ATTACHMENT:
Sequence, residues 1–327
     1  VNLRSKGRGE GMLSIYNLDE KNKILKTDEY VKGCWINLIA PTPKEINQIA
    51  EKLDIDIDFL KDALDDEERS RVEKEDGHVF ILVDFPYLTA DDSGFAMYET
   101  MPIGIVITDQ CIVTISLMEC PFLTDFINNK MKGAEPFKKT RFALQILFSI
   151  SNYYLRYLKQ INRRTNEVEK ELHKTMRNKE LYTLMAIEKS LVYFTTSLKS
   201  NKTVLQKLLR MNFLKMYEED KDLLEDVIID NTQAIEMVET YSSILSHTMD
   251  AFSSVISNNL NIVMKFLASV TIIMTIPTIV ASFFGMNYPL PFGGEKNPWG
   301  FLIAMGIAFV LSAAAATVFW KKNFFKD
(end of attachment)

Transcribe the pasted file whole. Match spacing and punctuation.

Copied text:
Sequence, residues 1–327
     1  VNLRSKGRGE GMLSIYNLDE KNKILKTDEY VKGCWINLIA PTPKEINQIA
    51  EKLDIDIDFL KDALDDEERS RVEKEDGHVF ILVDFPYLTA DDSGFAMYET
   101  MPIGIVITDQ CIVTISLMEC PFLTDFINNK MKGAEPFKKT RFALQILFSI
   151  SNYYLRYLKQ INRRTNEVEK ELHKTMRNKE LYTLMAIEKS LVYFTTSLKS
   201  NKTVLQKLLR MNFLKMYEED KDLLEDVIID NTQAIEMVET YSSILSHTMD
   251  AFSSVISNNL NIVMKFLASV TIIMTIPTIV ASFFGMNYPL PFGGEKNPWG
   301  FLIAMGIAFV LSAAAATVFW KKNFFKD